The Arcadian Press

Ephraim and Manasseh

A painting of a deserted city with people walking around.

Ephraim and Manasseh

By Lydia Davis

I stand beside my grandfather’s bed, Ephraim beside me. Our father, Joseph (whom the Egyptians call Zaphnath-Paaneah), stands behind us, a calloused hand on each of our shoulders. He has called us to Grandfather’s rooms. He is sick, and nigh unto death. So we have come with Abba to see him, to comfort him, and to say our farewells.

Father says that there is another thing that shall happen, but he has said no more.

I have mixed feelings about this meeting. Of course, I am sad, very sad, that my grandfather shall die soon, and sorry that he is sick and feeling poorly. I am also curious about this other thing which is to happen. What is it, and how shall it affect me?

But now Grandfather is sitting up; that is, he is trying to sit up. Ephraim and I jump to help him, one of us on either side of the bed. Grasping his forearms and shoulders, we gently pull him up into a sitting position, arranging his pillows to support him.

I am struck by how ill he has become. He has always been thin, but now, he’s so… so pale! I can follow his veins from his fingers to his elbow, where his sleeve covers the rest of his arm. I can even count his ribs through his robe.

Once we are done, we go back to stand by Abba. Grandfather clears his throat.

“God appeared unto me at Luz in the land of Canaan, and blessed me,” he says. His voice sounds very frail. “And said unto me, ‘Behold, I will make thee fruitful, and multiply thee, and make of thee a multitude of people; and will give this land to thy seed after thee for an everlasting possession.’ And now,” he pauses for a breath. “And now, thy two sons, Ephraim and Manasseh—”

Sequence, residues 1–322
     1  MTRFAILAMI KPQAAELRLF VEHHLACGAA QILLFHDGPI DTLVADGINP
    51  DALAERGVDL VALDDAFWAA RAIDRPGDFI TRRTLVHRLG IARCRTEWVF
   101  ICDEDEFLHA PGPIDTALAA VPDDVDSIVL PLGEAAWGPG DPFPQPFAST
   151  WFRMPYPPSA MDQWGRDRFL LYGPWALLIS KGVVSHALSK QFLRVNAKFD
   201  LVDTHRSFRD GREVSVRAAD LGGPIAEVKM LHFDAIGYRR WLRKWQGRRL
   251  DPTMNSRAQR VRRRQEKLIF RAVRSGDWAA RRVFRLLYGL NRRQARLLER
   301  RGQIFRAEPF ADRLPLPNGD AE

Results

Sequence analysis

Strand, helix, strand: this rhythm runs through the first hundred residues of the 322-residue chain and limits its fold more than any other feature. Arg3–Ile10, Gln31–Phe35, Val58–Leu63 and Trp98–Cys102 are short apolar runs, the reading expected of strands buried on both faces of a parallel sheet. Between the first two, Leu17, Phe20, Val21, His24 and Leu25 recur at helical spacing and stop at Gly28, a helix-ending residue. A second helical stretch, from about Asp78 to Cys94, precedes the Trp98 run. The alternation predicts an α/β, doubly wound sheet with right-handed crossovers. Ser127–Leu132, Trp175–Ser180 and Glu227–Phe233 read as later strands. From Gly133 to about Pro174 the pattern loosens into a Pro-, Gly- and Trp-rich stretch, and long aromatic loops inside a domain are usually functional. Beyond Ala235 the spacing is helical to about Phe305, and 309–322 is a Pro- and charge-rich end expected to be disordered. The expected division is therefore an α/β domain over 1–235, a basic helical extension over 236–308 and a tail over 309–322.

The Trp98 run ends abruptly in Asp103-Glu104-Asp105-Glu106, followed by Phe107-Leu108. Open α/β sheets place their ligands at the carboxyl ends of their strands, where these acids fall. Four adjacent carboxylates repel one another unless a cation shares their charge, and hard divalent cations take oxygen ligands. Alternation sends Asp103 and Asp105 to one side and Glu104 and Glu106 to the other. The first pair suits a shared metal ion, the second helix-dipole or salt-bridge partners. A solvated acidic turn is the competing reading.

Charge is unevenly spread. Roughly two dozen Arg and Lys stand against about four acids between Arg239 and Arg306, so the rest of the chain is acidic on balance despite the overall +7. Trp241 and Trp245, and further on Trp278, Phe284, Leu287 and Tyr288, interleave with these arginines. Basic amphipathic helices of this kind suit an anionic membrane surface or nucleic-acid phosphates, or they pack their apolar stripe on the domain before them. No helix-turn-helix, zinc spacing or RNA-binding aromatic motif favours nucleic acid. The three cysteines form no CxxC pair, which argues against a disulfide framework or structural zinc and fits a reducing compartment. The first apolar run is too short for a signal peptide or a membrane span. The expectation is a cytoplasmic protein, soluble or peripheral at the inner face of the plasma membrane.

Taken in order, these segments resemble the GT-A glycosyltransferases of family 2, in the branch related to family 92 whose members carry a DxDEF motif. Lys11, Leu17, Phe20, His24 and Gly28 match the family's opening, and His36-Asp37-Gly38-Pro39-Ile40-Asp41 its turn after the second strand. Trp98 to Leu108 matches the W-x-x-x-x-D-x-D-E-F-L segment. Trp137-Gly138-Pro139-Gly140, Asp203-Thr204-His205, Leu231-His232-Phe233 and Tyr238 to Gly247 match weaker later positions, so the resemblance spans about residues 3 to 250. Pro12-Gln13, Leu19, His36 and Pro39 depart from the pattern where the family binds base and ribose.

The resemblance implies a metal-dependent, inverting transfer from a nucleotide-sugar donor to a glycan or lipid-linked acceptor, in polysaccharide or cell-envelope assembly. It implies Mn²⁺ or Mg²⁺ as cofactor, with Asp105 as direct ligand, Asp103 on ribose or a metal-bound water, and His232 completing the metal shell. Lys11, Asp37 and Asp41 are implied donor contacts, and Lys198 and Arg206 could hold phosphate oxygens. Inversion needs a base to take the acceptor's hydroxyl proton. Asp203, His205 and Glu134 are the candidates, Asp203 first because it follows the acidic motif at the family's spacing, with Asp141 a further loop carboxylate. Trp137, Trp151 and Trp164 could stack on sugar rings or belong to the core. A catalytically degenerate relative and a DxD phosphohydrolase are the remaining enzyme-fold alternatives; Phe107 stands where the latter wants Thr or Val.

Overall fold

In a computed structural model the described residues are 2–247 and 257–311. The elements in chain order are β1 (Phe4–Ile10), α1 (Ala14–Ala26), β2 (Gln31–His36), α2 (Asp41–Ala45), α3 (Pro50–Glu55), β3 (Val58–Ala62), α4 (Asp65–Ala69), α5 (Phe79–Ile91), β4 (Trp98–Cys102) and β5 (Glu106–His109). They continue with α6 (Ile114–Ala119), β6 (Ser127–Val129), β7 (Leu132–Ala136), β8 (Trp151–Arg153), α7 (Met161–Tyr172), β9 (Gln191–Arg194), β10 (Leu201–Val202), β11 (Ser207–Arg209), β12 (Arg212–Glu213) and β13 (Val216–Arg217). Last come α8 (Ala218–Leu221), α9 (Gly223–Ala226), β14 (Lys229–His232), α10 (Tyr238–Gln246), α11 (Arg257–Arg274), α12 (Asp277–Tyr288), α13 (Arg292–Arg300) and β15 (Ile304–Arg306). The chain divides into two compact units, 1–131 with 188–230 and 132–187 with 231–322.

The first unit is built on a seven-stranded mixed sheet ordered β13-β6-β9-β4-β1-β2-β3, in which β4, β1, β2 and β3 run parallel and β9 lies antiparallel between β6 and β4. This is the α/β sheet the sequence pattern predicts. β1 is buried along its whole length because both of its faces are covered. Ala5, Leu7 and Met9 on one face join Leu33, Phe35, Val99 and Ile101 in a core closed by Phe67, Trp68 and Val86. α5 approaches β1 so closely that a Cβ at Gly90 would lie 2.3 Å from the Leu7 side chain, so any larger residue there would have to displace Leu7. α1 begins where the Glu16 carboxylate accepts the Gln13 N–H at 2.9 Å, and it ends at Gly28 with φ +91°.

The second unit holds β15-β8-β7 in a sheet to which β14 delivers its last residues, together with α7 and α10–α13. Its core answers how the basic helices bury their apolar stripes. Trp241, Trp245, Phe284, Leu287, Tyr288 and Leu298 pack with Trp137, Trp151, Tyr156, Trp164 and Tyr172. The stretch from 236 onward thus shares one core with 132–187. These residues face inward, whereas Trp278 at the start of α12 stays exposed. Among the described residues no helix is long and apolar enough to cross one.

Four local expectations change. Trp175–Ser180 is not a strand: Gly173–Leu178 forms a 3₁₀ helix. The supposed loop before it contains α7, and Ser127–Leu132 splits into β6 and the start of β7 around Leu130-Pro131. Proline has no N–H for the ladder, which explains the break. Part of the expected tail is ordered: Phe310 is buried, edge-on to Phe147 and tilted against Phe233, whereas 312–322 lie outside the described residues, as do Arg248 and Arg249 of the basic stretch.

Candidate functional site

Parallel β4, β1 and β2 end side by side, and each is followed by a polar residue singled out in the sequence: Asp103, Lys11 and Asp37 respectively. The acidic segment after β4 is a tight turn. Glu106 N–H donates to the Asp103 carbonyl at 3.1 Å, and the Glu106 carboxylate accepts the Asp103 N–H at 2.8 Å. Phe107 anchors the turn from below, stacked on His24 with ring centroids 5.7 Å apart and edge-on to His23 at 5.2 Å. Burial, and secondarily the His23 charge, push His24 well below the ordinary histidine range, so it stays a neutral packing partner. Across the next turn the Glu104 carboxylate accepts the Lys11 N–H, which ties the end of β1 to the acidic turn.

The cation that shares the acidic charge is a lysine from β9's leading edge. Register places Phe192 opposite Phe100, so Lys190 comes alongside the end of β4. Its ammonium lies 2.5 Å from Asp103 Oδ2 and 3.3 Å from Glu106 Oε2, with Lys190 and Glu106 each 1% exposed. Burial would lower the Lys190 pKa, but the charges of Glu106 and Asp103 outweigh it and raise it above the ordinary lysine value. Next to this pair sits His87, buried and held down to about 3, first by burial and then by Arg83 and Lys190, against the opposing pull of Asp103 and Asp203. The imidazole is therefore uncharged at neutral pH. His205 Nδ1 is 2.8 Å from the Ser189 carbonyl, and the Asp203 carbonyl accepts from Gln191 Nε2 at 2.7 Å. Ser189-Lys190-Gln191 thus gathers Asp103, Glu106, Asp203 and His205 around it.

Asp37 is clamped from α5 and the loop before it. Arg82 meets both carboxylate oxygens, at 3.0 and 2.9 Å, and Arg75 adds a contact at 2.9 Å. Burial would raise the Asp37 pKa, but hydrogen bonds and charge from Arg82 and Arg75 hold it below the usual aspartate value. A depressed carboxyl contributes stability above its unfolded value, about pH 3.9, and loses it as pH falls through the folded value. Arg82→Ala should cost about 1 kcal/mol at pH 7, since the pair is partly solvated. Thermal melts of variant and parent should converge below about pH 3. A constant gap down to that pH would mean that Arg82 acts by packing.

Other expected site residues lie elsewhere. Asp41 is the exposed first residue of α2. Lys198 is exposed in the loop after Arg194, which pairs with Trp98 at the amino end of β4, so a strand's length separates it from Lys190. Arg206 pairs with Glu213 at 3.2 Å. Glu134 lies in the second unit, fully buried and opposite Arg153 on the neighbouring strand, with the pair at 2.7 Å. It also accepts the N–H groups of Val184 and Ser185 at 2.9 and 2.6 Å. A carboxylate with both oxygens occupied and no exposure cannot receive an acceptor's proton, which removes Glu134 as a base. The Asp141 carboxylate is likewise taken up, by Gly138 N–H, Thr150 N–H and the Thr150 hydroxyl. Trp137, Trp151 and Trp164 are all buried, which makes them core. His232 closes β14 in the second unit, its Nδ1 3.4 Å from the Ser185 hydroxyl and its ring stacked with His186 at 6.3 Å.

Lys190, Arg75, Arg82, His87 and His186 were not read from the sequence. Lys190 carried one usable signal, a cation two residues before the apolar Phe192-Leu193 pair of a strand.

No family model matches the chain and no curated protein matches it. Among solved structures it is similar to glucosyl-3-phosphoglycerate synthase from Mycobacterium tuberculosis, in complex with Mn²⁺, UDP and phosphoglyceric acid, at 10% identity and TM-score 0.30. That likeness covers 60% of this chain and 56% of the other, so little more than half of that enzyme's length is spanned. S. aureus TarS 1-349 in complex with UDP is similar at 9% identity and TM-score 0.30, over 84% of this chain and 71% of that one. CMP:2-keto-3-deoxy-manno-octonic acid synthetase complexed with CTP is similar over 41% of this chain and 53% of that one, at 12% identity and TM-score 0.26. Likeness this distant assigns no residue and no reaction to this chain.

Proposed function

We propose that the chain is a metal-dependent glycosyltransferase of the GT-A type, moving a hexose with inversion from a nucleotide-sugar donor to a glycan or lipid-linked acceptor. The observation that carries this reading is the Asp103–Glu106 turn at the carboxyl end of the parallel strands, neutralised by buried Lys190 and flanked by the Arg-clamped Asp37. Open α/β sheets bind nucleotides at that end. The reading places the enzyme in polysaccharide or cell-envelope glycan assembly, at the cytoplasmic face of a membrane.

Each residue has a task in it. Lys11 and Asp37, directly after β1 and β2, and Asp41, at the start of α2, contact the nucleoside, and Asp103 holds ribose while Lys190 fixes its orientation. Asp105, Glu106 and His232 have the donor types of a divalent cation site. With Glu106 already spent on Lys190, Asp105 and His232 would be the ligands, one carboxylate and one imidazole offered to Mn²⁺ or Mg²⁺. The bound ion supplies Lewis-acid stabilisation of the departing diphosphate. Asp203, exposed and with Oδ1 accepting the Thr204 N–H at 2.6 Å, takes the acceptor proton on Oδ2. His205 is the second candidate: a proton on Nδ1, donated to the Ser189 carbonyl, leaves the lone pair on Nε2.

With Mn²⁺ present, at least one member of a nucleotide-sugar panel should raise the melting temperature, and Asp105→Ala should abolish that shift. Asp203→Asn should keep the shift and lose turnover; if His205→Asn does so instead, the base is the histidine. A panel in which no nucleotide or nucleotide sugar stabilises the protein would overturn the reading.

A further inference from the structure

Now that is odd—usually, people put my name first because of my being the first boy. Hmm… It was probably just a mistake, though…

“—which were born unto thee in the land of Egypt, before I came unto thee in Egypt, are mine; as Reuben and Simeon, they shall be mine.”

Reuben is my favorite uncle, for I have heard how he was not inclined to sell my father to the Ishmaelites and Midianites, as Judah was. Simeon is Ephraim’s favorite, for they both love the sword (overly much, I say). Was it a coincidence that it was these two that Grandfather picked for reference?

Grandfather goes on for another minute, talking to Abba, and then, regaining some of his old humor, says, “Who are these?” Of course, he knows it is us, his grandsons, but at least he is joking again.

Abba, with the first real smile I have seen on his face since morning, answers, “They are my sons, whom God hath given me in this place.” Grandfather smiles too.

“Bring them, I pray thee, unto me, and I will bless them.” Since Grandfather’s eyes are dim with age, Abba brings us closer and shows us to him. Grandfather hugs and kisses us both. “I had not thought to see thy face and lo, God hath showed me also thy seed!”

At this, Abba, with tears in his eyes, gently pulls us out of the way so that Grandfather can see him better, and bows himself low to the earth in awe, reverence, gratefulness, and joy. I am not completely sure who he is bowing to. It seems to be to Grandfather, but from what I see of his face, it simply must be to God! I guess it is to both… Abba stands up and has us switch places. I am on his left and on Grandfather’s right, and the opposite for Ephraim. Again he brings us nearer to Grandfather. This time, he has us kneel.